It was in 1687, when the penalties against dissent were somewhat relaxed, that Matthew Henry was ordained a minister. On the eve of this important event he devoted a considerable time to self-examination; and in the paper in which he records its results, he writes—
“I think I can say with confidence that I do not design to take up the ministry as a trade to live by, or to enrich myself, out of the greediness of filthy lucre. No! I hope I aim at nothing but souls; and if I gain those, though I should lose all my worldly comforts by it, I shall reckon myself to have made a good bargain.
“I think I can say with as much assurance, that my design is not to get myself a name amongst men, or to be talked of in the world as one that makes somewhat of a figure. No; that is a poor business. If I have but a good name with God I think I have enough, though among men I be reviled, and have my name trampled upon as mire in the streets. I prefer the good word of my Master far before the good word of my fellow-servants.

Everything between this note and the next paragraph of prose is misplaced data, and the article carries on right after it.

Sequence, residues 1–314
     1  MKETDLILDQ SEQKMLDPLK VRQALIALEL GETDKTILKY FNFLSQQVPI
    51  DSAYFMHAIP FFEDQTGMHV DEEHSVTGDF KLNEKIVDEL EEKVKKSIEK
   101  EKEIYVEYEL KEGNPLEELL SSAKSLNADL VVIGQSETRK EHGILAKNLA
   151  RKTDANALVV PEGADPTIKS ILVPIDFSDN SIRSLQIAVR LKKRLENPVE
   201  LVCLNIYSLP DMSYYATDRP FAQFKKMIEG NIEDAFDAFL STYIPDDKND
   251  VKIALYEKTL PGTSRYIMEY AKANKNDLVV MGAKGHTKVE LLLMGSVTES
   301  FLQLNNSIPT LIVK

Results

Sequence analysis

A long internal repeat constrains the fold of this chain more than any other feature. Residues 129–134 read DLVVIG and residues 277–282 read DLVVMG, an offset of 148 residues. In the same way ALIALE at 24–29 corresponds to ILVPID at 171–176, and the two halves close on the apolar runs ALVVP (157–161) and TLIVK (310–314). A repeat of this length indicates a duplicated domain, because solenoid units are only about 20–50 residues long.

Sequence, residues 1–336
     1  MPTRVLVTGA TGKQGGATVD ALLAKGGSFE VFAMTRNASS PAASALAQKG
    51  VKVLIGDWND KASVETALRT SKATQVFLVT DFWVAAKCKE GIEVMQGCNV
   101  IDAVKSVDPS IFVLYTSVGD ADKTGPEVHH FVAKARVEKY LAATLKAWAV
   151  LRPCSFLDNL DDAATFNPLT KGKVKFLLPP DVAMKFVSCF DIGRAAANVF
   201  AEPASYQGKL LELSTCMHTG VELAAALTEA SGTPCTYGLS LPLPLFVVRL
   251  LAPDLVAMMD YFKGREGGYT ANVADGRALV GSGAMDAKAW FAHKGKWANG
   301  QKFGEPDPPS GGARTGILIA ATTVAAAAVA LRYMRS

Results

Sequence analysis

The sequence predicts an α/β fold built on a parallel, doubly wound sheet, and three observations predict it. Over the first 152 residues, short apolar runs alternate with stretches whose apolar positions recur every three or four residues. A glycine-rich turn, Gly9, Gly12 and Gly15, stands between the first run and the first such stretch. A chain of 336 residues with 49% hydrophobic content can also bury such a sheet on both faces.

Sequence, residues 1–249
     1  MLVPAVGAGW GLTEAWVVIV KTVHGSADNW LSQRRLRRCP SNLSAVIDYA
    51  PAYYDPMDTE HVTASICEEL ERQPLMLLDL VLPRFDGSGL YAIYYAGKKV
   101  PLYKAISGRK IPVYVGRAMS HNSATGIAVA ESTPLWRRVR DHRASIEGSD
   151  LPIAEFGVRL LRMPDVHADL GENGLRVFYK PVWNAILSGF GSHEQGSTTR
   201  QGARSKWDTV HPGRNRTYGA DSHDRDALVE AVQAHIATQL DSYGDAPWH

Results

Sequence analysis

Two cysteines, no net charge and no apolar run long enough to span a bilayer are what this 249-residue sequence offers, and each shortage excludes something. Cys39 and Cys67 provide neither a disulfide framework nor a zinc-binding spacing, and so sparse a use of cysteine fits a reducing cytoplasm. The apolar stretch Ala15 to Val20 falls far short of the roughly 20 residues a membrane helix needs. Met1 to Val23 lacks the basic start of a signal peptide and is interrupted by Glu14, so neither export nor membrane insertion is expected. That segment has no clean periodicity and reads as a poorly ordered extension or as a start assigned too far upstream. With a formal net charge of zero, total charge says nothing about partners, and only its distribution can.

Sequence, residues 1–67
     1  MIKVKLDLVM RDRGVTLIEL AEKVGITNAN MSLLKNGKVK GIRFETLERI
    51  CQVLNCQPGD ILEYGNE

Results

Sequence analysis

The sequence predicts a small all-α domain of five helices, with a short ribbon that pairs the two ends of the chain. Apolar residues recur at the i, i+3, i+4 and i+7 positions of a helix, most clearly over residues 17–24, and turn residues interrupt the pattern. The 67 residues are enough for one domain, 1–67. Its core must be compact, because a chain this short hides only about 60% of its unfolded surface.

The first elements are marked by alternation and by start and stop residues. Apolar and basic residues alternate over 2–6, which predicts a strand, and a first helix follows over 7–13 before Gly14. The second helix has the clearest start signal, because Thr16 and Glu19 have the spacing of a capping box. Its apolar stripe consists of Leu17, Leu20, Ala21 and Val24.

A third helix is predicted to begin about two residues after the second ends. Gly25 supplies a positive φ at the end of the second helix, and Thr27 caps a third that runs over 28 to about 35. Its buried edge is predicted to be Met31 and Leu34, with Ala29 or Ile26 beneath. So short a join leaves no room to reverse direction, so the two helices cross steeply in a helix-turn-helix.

“I can appeal to God that I have no design in the least to maintain a party, or to keep up any schismatical faction; my heart rises against the thoughts of it. I hate dividing principles and practices, and whatever others are, I am for peace and healing; and if my blood would be a sufficient balsam, I would gladly part with the last drop of it for the closing up of the bleeding wounds of differences that are amongst true Christians.”